“In Brazil, using the web for more than an hour for activities that are unrelated to work is considered as gross misconduct and can lead to justified dismissal. What is the legal situation when it comes to “excessive” web use in other countries?”
I have to confess. The story that led to this question left me feeling uneasy. Brazilian organizations were proposing to tinker with employment law so that a specific measure about unauthorised use of company resources – including the web – for more than an hour could be classified as gross misconduct and therefore grounds for dismissal.
That’s potentially fair, if someone spends all day on Facebook then they might deserve the bullet, but why should the government be getting involved? Are there specific measures in employment law that detail what happens to employees who call their mother too frequently, or use the bathroom too often?
I doubt it, but then I’m not a lawyer, so my outrage at government interference may be wildly misplaced. Fortunately, the LinkedIn question did attract comments from more legally-aware individuals, giving examples from several jurisdictions outside Brazil:
- United Kingdom: In the UK, no such law – but internet use policies will generally be included as part of an “acceptable use policy”, for example, as part of an employee’s staff handbook, which will form part of the employee’s contract. Having good employee contracts, clearly promoted staff guidance on internet use, and IT policies which prevent access to non-work sites should all be used. And, of course, if an employee is spending so long surfing non-work sites that they aren’t doing their job, that might justify going down a disciplinary route, ultimately ending in dismissal.
- USA: In the US, the personal use of communication tools is generally addressed in the employee handbook and policy is set by the employer, not the state, federal or local government, and policies are as varied as are the number of employers. Some companies allow for the “occasional and limited” use of the web or smart phones, while others strictly prohibit any personal use while clocked in. Still others encourage the use of social media during the work day in order to promote the employer on the web. Policy regarding discipline in the event of the employee’s failure to comply with the communication policy is also addressed (or should be addressed) in the handbook, and given that most states here adhere to “at-will” employment, dismissal can take place if the offense is deemed egregious enough.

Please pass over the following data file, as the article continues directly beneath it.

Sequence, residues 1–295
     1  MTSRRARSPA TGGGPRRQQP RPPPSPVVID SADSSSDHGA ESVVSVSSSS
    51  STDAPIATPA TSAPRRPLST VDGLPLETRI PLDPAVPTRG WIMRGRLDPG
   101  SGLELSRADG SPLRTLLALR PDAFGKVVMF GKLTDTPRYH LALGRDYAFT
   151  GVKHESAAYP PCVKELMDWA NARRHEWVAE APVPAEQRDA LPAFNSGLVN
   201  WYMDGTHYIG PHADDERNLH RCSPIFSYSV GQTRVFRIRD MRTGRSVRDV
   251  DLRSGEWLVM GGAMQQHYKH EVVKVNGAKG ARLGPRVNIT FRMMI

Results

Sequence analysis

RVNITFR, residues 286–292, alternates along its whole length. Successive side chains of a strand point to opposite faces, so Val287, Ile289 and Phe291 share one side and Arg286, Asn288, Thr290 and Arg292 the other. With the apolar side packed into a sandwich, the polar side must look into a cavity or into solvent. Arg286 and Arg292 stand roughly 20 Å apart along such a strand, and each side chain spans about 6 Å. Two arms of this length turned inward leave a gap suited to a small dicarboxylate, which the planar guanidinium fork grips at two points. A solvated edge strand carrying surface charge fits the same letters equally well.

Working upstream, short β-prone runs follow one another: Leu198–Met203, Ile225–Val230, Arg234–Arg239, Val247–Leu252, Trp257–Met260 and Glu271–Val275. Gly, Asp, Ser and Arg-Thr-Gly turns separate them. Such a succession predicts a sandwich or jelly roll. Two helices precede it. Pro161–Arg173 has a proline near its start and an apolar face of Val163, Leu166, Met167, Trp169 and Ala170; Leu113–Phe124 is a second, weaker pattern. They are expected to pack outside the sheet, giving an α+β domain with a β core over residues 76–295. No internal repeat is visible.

- Portugal: In Portugal the situation is similar, it can lead to justified dismissal; many companies block access to the web, especially to social media sites to monitor, or rather, avoid the monitoring of such activities. Yes, this should be a company’s policy, the government has nothing to do with it, but labor laws are made for some purpose.
- India: No such law in India. Most companies have their own policies about what sites can be accessed and what cant be accessed. Accordingly the company firewall stops one from surfing certain / all websites, depending on company policy. Software companies and banks are very strict about their internet usage policies. Legal and accounting firms follow. Most of the others are very lax with internet usage, sites visited, etc.
My initial anger appears justified. Legal commentators from all over the world are indicating that individual companies should determine their own ‘fair use’ policy for Internet use and that this kind of detail has no place in law. Employment law does need reform in Brazil, but meddling in the wrong areas could make things even worse – not better!
IT Decisions will gather further legal comment from inside Brazil this week, but if you are working in Brazil and you want to comment on this story in Portuguese then check out this TI Especialistas discussion - we are keen to find out what you think.
Photo by Chris Martin licensed under Creative Commons